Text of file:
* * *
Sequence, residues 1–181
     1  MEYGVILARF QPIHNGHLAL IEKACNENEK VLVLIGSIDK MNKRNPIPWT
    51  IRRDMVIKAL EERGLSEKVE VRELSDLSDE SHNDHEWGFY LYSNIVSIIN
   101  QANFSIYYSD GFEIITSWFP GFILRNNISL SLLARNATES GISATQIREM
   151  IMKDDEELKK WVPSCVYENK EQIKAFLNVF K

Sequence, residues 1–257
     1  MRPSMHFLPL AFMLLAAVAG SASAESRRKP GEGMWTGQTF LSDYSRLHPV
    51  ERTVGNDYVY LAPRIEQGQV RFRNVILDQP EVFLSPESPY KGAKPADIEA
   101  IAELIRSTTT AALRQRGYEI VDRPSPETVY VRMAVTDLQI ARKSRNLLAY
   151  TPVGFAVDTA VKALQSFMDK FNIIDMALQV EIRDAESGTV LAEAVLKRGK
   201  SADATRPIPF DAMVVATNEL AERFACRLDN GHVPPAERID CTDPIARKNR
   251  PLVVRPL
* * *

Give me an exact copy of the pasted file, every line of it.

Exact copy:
Sequence, residues 1–181
     1  MEYGVILARF QPIHNGHLAL IEKACNENEK VLVLIGSIDK MNKRNPIPWT
    51  IRRDMVIKAL EERGLSEKVE VRELSDLSDE SHNDHEWGFY LYSNIVSIIN
   101  QANFSIYYSD GFEIITSWFP GFILRNNISL SLLARNATES GISATQIREM
   151  IMKDDEELKK WVPSCVYENK EQIKAFLNVF K

Sequence, residues 1–257
     1  MRPSMHFLPL AFMLLAAVAG SASAESRRKP GEGMWTGQTF LSDYSRLHPV
    51  ERTVGNDYVY LAPRIEQGQV RFRNVILDQP EVFLSPESPY KGAKPADIEA
   101  IAELIRSTTT AALRQRGYEI VDRPSPETVY VRMAVTDLQI ARKSRNLLAY
   151  TPVGFAVDTA VKALQSFMDK FNIIDMALQV EIRDAESGTV LAEAVLKRGK
   201  SADATRPIPF DAMVVATNEL AERFACRLDN GHVPPAERID CTDPIARKNR
   251  PLVVRPL